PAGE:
“Teroristii din Spitalul de Urgenta,” Jurnalul National

Si inapoi la Spitalul Coltea:  “Colonelul Ghircoias, fost sef al directiei cercetari penale a Securitatii i-a adunat pe toti individzii care erau acuzati ca sint teroristi facandu-i disparuti.”

“In perioada 21-26 decembrie 1989 la spitalul Coltea au fost internati o serie de indivizi prinsi ca teroristi, printre care un anume plutonier de militie Tripon Cornel.

Confirm afirmatiilor medicului chirurg Nicolae Constantinescu, sus numitul Tripon Cornel a fost ranit prin impuscare in zona hotel ‘Negoiu’ din Bucuresti. Medicii de la spitalul Coltea au solicitat Procuraturii instrumentarea acestor cazuri. Colonelul Ghircoias, fost sef al directiei cercetari penale a Securitatii i-a adunat pe toti individzii care erau acuzati ca sint teroristi facandu-i disparuti. Astfel Procuratura n-a mai avut obiect de cercetara pe linga disparitia banuitilor invocind ii decretul de amnistie dat de presedintele (pe atunci al C.P.U.N.) Ion Iliescu, in luna ianuarie 1990.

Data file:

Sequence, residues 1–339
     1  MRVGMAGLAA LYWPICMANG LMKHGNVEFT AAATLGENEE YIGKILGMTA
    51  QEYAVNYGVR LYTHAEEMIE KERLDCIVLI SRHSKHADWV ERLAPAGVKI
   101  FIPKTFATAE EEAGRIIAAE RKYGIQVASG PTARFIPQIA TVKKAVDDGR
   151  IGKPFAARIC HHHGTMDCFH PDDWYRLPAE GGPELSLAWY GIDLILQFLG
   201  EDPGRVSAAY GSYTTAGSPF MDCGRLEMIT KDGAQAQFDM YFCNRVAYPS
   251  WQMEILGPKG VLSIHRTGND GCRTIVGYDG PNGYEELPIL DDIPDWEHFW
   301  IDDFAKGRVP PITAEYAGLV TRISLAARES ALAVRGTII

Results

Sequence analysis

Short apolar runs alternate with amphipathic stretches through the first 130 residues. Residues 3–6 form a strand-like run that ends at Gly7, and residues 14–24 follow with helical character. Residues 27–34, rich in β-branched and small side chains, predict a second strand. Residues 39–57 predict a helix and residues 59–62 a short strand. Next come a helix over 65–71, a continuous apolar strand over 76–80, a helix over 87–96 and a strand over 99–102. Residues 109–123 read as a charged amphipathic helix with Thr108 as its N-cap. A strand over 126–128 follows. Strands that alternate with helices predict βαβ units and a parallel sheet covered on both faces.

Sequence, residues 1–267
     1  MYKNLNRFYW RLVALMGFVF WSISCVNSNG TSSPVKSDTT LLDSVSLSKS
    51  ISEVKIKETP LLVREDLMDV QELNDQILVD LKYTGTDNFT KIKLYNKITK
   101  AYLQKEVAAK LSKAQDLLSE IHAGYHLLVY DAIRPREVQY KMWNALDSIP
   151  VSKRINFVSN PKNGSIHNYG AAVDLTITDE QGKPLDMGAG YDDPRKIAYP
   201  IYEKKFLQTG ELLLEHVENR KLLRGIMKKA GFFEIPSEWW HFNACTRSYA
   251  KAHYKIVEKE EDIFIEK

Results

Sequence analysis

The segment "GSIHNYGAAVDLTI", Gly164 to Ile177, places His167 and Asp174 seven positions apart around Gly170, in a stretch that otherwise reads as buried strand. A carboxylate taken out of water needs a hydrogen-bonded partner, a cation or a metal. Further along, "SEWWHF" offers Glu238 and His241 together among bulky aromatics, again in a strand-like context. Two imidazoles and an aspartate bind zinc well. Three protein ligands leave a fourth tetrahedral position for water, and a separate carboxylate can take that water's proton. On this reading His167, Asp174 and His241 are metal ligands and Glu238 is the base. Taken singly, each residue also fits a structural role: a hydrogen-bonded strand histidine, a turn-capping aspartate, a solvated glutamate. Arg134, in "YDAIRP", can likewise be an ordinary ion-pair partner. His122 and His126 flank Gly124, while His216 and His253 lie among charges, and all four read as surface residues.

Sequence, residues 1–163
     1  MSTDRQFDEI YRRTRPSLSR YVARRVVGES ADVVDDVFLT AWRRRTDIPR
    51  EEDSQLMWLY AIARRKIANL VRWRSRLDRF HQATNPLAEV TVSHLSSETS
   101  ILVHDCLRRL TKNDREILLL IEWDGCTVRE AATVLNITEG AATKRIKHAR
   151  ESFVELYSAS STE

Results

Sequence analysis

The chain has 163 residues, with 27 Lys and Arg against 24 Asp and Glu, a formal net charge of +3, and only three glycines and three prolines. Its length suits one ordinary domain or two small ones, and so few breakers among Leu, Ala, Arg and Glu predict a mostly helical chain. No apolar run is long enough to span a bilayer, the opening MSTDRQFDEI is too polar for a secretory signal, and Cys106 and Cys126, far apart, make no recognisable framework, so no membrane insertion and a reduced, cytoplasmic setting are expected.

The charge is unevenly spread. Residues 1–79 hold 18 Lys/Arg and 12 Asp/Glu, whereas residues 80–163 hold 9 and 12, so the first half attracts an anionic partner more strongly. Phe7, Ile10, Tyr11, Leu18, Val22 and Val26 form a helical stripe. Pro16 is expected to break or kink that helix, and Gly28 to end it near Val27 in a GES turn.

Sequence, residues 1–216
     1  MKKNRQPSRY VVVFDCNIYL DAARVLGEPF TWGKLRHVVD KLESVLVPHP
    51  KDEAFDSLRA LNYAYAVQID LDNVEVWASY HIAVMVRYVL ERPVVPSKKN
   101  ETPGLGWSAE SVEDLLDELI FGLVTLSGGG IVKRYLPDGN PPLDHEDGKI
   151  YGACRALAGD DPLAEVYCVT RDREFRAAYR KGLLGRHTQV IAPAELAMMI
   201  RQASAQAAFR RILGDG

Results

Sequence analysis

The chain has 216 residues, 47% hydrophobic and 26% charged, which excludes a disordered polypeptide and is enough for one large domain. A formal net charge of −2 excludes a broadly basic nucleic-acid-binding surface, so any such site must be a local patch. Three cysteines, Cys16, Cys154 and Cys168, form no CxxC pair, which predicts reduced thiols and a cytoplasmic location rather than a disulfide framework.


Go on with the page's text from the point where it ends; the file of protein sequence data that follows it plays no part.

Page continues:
Florin Mircea Corcoz si Mircea Aries, “Terorist ascuns in Apuseni?” Romania Libera, 21 August 1992, p. 1


despre “ispravile” Colonelului Nicolae Ghircoias in intregul timp al revolutiei, vedeti

Cine a organizat furtul cadavrelor din morga spitalului judetean?

Nicolae Ghircoias, wikipedia


in legatura cu declaratia lui doctorului Constantinescu:  “In anul 1992 am semnat alaturi de alti medici, profesori universitari, chirurgi de renume, un memoriu pe care l-am adresat Parchetului General si prin care am solicitat sa se faca o ancheta cu privire la ranitii si mortii prin impuscare.”